If you have been a victim of abuse, you may feel like you will never be able to fully trust anyone again. You may question whether you can ever depend on someone else, yourself, or even God to keep you safe. The feelings of betrayal from abuse can be especially difficult to overcome when the offender is someone close to you, and sometimes even more so when it is someone you depended on to protect you.
The seriousness of some offenses can explain why it may take you a long time to rebuild trust and restore a feeling of safety after abuse. Also, the destructive nature of your abuse may prevent you from ever being able to rebuild trust with an offender. Remember that forgiving someone does not mean you must trust him or her.
Building Trust in New or Existing Relationships
Healthy relationships, both new and existing, are built on trust. You can choose to trust others when they are willing to do things that build or rebuild trust with you. Learning to trust others requires time and constant nurturing.
Building trust is like a bank account that grows or lessens depending on the deposits or withdrawals that are made. As you build an account of trust with someone, remember the following principles:
- You are the owner of your account—you choose who will earn your trust.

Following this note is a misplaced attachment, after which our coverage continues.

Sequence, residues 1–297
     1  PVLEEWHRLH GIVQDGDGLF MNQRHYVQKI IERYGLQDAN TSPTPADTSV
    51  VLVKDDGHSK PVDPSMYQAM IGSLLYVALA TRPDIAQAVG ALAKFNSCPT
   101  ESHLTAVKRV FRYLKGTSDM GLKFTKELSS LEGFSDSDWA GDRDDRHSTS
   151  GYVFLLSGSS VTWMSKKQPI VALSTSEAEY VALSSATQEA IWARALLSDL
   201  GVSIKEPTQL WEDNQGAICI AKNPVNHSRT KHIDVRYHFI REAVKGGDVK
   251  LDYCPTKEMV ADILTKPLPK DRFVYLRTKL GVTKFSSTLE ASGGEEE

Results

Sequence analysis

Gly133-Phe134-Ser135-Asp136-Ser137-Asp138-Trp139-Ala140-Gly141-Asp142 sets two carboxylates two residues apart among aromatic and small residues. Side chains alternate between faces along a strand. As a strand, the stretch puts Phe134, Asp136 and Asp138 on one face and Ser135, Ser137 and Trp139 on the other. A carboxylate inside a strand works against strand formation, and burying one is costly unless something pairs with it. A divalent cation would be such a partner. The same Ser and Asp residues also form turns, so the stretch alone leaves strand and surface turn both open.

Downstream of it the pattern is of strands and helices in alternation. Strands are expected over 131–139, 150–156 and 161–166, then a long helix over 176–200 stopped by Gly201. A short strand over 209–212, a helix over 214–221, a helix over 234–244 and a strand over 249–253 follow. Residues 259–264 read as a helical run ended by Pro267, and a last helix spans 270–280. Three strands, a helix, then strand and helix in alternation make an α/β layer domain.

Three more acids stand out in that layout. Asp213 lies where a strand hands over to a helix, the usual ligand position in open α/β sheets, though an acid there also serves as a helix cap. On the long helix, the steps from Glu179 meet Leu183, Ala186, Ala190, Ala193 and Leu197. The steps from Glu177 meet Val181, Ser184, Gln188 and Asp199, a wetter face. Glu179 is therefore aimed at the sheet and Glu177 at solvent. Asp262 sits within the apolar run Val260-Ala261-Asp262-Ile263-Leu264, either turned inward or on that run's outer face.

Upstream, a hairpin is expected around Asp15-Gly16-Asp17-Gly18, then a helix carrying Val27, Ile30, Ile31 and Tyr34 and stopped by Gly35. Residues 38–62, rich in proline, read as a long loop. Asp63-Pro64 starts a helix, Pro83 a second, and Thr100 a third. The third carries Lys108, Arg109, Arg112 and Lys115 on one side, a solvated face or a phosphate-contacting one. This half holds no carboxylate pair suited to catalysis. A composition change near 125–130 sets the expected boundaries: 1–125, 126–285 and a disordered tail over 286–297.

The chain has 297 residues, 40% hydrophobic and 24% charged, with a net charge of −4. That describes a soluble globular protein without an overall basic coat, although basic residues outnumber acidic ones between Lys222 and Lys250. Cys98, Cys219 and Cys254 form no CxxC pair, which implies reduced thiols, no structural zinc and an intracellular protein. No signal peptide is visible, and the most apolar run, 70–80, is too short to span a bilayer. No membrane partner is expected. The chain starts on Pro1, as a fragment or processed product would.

- Build trust at your own pace—you should not feel pressured to trust someone before you’re ready.
- Determine what behaviors are deposits (such as being respectful and honest) and withdrawals (such as being dishonest and secretive or covering up mistakes).
- Clarify with others what behaviors add to or take away your trust.
- Have confidence in the accuracy of your own observations of others’ behaviors.
- Adapt the closeness of your relationships with others based on the level of trust that is built.
If you decide to build trust with someone, determine the limits that are necessary to keep you safe. Some people may choose not to do their part to build trust and are not deserving of your trust. The Lord counsels us to be as “wise as serpents, and harmless as doves” (Matthew 10:16).
While others may be untrustworthy, you can always trust that the Lord will love you and will help you heal. If you seek for God’s help, you will discover a “multitude of his tender mercies” (1 Nephi 8:8) that are evidence that you can trust Him. “His mercy is the mighty healer, even to the wounded innocent” (Boyd K. Packer, “The Reason for Our Hope,” Ensign or Liahona, Nov. 2014, 7).
If you are still struggling in your ability to build trust, seek help from a mature and trusted individual, such as a parent, family member, friend, Church leader, teacher, or mentor. You can also seek help from a professional counselor.
Community and Church Resources
(Some of the resources listed below are not created, maintained, or controlled by The Church of Jesus Christ of Latter-day Saints. While these materials are intended to serve as additional resources, the Church does not endorse any content that is not in keeping with its doctrines and teachings.)
- “To Heal the Shattering Consequences of Abuse,” Richard G. Scott, Ensign or Liahona, May 2008, 40–43
- “The Atonement Covers All Pain,” Kent F. Richards, Ensign or Liahona, May 2011, 15–17
- “Drawing the Power of Jesus Christ into Our Lives,” Russell M. Nelson, Ensign or Liahona, May 2017, 39–42
- “Trust,” Help for Adult Victims of Child Abuse (HAVOCA)
- “Trust,” The National Domestic Violence Hotline